New battery-boosting recipe

A common problem with portable electronic devices is that their
rechargeable lithium batteries deliver power for only a short time, and
lose their ability to be fully recharged as the battery gets older. Now,
Italian chemists have added tin and sulfur to the rechargeable recipe to
overcome these problems in next generation batteries.

Bruno Scrosati and Jusef Hassoun of the University of Rome point out
that theoretically at least, lithium-sulfur batteries would be the
energy source of choice. They would, after all, have much higher energy
density than lithium-ion batteries. However, the electrodes in such
batteries slowly dissolve and the lithium metal forms branching, or
dendritic, deposits that lead to electrical short circuits. Commercial
“lithium” batteries contain graphite through which lithium ions can
diffuse, which means no disintegrating lithium metal electrodes, but
lower energy density.

Comparison of battery energies (Credit: Wiley)

The Italian team has combined the advantages of lithium metal with the
longevity of lithium ion by developing a new type of lithium-metal-free
cell that has a negative electrode composed of a carbon/lithium sulfide
composite. The battery’s charge carrying electrolyte solution is
replaced by a lithium-ion-containing liquid enclosed in a polymer gel
membrane. The polymer protects the electrodes from corrosion. For the
anode (positive electrode), Scrosati and Hassoun chose nanoscopic tin
particles embedded in a protective carbon matrix.

The electricity generation process involves the lithium sulfide cathode
splitting into elemental sulfur and lithium ions, which releases
electrons. The lithium ions migrate through the electrolyte membrane to
the anode, where they take up electrons to become uncharged lithium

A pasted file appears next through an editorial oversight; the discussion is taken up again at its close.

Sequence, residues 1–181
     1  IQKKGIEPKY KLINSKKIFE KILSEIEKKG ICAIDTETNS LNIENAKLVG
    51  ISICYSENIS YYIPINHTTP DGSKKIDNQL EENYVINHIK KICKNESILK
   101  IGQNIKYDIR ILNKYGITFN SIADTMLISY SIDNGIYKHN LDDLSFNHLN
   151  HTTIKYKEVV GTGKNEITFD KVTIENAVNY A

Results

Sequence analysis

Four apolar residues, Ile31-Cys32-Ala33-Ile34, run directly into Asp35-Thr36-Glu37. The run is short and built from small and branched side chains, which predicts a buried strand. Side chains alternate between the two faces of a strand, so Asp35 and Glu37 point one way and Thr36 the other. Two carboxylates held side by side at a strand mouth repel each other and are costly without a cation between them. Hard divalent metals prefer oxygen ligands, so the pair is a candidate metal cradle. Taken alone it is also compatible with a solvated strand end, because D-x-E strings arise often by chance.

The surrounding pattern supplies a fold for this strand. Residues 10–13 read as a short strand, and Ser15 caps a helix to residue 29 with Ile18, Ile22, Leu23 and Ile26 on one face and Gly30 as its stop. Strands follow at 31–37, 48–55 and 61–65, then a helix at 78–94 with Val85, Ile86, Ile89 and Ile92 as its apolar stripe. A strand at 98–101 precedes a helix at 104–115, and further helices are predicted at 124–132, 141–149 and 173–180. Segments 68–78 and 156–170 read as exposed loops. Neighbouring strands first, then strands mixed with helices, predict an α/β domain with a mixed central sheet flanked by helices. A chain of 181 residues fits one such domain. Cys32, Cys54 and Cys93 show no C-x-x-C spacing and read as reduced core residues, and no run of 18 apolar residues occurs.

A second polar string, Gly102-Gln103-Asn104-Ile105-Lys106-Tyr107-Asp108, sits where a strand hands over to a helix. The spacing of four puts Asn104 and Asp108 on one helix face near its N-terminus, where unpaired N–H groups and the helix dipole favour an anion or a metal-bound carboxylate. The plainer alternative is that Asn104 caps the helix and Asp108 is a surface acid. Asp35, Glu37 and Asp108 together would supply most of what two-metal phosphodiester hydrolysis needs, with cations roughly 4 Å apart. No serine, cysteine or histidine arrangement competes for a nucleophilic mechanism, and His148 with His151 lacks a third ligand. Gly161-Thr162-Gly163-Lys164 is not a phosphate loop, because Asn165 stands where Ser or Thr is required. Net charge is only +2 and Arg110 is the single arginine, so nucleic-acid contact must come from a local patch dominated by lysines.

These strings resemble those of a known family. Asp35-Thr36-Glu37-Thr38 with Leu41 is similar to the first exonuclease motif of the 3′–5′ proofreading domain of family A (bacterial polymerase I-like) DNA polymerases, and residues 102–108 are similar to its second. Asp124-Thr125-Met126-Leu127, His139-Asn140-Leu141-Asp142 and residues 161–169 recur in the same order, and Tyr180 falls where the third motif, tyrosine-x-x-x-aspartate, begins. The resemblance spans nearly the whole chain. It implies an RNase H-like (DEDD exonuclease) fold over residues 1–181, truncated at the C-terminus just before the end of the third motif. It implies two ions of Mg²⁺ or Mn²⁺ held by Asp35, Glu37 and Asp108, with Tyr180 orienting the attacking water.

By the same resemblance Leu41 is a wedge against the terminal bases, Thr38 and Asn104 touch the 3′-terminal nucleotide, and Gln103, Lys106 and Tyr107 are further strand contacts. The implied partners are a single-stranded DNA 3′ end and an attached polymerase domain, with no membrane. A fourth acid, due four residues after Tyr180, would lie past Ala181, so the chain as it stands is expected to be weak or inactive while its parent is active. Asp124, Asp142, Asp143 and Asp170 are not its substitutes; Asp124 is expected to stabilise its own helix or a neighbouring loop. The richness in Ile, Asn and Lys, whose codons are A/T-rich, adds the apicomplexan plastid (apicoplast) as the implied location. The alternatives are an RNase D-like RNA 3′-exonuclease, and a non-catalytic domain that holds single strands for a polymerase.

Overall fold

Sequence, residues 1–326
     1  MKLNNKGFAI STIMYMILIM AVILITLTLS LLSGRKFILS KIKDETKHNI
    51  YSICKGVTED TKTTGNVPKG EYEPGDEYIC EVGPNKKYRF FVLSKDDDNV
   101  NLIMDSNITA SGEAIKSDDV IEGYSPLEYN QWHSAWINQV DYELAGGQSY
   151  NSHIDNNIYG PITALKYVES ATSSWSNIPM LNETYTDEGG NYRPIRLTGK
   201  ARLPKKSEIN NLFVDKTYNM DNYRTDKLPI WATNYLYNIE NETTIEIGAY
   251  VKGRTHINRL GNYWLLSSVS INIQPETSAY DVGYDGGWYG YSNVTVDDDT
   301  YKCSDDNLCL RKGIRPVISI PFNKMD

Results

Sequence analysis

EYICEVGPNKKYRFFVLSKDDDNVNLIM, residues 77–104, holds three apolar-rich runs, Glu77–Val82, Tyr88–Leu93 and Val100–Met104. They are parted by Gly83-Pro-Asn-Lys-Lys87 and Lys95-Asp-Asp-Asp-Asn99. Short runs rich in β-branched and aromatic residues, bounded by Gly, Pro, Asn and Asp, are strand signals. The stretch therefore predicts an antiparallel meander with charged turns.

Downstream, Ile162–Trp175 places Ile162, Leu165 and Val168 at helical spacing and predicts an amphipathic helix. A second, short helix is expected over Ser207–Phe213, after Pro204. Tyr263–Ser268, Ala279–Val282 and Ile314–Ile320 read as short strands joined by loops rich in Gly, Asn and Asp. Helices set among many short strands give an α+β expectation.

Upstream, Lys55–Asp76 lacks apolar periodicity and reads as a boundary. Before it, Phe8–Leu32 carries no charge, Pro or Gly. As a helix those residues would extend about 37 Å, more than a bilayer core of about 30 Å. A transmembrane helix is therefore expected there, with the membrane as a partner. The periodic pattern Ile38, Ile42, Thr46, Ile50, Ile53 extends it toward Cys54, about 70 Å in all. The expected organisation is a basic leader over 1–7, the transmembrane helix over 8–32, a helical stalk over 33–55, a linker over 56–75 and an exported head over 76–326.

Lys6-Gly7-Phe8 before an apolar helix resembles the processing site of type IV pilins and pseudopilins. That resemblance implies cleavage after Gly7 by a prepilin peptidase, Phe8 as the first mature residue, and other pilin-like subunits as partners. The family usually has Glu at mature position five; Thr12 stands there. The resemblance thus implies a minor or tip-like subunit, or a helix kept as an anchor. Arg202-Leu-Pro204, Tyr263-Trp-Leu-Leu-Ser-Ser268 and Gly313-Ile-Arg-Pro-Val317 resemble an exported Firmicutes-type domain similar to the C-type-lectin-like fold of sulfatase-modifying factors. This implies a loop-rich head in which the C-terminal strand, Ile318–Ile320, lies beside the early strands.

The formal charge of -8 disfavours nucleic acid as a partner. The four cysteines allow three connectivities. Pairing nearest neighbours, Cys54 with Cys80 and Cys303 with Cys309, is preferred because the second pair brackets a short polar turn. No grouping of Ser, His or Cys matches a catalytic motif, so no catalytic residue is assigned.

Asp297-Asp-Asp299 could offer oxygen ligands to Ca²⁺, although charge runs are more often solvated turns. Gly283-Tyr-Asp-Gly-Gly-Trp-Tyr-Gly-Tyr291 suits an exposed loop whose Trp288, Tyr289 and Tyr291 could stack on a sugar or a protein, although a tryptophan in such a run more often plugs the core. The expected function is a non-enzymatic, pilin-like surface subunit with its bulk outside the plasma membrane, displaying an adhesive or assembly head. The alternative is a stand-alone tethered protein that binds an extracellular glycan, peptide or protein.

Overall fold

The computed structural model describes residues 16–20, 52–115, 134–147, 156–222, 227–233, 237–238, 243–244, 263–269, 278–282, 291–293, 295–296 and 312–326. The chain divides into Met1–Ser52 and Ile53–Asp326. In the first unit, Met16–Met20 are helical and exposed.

atoms, which are then bound into an alloy by the tin nanoparticles. The
process is reversible by applying a current (from the mains supply) in
the opposite direction, so that the battery can be charged repeatedly.
The new battery surpasses all previous attempts at a lithium-metal-free
battery with its specific energy of about 1100 Watt-hours per kilogram.
Such a high energy could not only be useful for portable music players
and mobile phones but is substantial enough for electric vehicles.

Links

Angew Chem Int Edn, 2010, in press
Scrosati

A radical approach to understanding polymers

Polymerization is used to make a whole range of materials but understanding exactly what happens during synthesis when it involves free radicals is difficult. Now, New Zealand chemists have uncovered important clues by following the rates of reaction and the termination steps involved.

Radical polymerization is commonly used to make half the world’s polymers and now Greg Russell and his colleagues at the University of Canterbury have investigated the kinetics of the process that shuts off polymerisation, the termination rate coefficient, for some very common reactions. They have revealed that the diffusion behaviour of short polymer strands, oligomers, in the reaction system is the critical factor.

“The majority of chemists simply try to bring about reactions by mixing different chemicals together under different conditions,” Russell explains. “However it is also important, especially for those who make chemical products on a large scale, to have precise quantitative descriptions of the speeds at which reactions occur. Chemical kinetics is the field of work that develops such descriptions. It is therefore an area where chemistry and mathematics intersect.

Greg Russell
Greg Russell

He adds that the most difficult problem in radical polymerization is the termination step that stops the polymer growing longer. Diffusion of the growing polymers is affected by their size, concentration, temperature and so on, which makes termination a complicated process to study, one that even after 60 years of intensive investigation is still not fully understood.